Hello, my name is Christa and I've attended many Advertising Weeks over the years. *swipes brow* Glad that's off my chest. From dancing on stage with Eve (yes, that really happened) to launching the first line of eco-friendly hanger advertising (I wish I was making this stuff up), Advertising Week has always had a special, albeit strange, place in my heart. But that's likely because it represents the reason why I went into comms in the first place, I'm a sucker for good branding.
For those of you that live under a rock, Advertising Week represents the once-a-year pilgrimage of all major brands and their armies of brand marketers and advertisers as they descend upon the advertising mecca, New York City, to listen, learn and drink their way through a week of festivities. Each year, the conversation varies little from brand exec to brand exec calling for better or more transparency, relevancy, creativity, measurement like a broken record. As Unilever's CMO Keith Weed held court yesterday he was sure to remind the audience that it's not advertising that's the problem, it's "bad advertising." Yup, got that. But the other masterpiece he proceeded to airbrush was the company's "5Cs framework" - the 5Cs "consisting of consumers, connect, content, community, and commerce."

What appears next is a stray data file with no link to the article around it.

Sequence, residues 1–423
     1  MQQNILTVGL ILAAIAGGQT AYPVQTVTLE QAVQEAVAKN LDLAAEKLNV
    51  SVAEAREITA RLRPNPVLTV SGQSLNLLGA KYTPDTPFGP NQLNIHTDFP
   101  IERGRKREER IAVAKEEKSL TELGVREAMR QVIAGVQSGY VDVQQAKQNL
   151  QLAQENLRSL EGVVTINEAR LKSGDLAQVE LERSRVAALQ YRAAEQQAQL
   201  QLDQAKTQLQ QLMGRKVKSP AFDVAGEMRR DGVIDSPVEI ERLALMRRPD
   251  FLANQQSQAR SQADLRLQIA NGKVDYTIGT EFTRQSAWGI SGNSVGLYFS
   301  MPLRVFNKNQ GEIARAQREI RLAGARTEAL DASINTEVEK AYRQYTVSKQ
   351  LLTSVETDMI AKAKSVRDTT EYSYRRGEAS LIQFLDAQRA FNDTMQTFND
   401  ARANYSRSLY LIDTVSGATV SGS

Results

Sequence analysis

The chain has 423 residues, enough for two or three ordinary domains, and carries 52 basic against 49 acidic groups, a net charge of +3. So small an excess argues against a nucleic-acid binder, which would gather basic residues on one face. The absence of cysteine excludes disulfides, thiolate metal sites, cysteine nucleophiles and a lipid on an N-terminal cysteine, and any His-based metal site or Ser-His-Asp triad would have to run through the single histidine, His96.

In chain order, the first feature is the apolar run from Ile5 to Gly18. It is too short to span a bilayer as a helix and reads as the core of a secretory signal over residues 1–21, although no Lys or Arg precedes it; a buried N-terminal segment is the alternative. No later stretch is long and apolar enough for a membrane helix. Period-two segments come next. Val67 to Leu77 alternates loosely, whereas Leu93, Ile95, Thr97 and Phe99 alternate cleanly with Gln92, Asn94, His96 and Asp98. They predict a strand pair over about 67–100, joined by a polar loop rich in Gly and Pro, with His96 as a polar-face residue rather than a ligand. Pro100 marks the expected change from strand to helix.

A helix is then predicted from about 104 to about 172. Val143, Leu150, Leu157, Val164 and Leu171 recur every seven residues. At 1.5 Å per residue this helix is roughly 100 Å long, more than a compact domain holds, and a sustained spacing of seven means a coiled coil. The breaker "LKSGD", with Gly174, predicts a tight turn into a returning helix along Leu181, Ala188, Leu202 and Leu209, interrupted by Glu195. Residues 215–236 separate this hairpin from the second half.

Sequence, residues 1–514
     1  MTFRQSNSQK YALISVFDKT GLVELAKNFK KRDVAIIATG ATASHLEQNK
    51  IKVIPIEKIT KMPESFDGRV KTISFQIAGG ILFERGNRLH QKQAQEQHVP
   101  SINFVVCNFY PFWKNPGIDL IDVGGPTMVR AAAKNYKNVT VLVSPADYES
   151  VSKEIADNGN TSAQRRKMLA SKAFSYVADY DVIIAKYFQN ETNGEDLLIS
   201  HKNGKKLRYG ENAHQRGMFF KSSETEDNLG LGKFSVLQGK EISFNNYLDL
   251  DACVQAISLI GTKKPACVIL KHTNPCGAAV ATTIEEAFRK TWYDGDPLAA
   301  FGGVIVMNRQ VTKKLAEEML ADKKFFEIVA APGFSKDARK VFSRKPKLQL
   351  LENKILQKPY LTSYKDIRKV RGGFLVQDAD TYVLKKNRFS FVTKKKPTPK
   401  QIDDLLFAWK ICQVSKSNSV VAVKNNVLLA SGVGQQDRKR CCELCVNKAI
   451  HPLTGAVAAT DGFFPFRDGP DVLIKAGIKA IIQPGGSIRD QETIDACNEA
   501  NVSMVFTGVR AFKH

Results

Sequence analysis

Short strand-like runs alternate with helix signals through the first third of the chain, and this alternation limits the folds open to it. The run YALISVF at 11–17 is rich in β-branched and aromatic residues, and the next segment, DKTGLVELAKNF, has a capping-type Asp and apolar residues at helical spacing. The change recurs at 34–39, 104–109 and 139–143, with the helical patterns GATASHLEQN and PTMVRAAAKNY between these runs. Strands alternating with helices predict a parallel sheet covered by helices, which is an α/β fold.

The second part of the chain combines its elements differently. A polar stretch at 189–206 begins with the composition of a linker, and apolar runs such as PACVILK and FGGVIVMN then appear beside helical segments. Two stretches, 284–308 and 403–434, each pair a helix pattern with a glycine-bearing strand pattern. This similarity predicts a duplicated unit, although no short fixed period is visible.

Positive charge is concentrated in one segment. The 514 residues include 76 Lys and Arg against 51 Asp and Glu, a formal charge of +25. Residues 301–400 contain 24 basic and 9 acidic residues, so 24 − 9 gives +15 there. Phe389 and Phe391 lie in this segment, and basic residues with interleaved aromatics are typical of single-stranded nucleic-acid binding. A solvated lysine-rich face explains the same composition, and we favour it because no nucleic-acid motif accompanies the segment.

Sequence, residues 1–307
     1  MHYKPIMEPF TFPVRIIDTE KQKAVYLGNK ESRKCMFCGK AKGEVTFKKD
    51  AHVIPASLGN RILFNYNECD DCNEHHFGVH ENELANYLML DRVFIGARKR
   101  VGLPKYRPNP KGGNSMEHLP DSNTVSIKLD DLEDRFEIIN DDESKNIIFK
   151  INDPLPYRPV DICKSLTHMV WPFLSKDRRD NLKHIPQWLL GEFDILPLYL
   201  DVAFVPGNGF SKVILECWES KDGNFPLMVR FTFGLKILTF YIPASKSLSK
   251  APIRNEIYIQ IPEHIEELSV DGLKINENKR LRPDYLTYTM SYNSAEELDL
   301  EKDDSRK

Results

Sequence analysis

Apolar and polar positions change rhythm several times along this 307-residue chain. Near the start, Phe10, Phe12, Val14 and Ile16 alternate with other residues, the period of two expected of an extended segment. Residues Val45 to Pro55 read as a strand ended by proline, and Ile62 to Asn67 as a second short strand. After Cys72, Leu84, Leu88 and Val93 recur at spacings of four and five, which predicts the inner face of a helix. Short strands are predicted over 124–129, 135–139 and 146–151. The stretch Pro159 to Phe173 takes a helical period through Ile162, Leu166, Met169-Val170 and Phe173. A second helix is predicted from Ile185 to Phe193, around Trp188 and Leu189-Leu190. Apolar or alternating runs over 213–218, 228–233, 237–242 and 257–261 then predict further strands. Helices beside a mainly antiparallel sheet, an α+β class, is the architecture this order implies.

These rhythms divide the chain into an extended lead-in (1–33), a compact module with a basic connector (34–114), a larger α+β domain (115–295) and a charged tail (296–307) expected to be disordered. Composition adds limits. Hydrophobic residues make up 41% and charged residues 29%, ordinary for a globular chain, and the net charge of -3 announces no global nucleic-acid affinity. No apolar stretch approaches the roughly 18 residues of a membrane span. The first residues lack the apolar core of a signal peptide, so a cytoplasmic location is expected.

In true millennial fashion, my eyes quickly found the back of my head. Why do we need to come up with another useless framework just to focus efforts? What does this prove and where is the action?? Yes, these are all great/wonderful/interesting/important things but instead of spending time on the process, let's actually see some action people. Here's an idea - why not pull in more industry bodies to quantify what that change looks like. Or have brands put their money where their mouths are by donating or serving communities in need. How about getting a "consumer" on stage for a change to talk about what "good" and "bad" advertising means to them - or ask how they've truly connected with a brand in the last 3-6 months?
So maybe I'm a tad bitter I haven't been able to go to any parties this year but what happened to the big, bold brand moves that make this industry so exciting! Perhaps 2017 has worn us all out a bit...in which case, bring on 2018 - where less talk, fewer "Cs" and more action can finally shake up the wonderful world of advertising.
“People don’t hate advertising. They hate bad advertising. As an industry we have a responsibility to put out good creative...”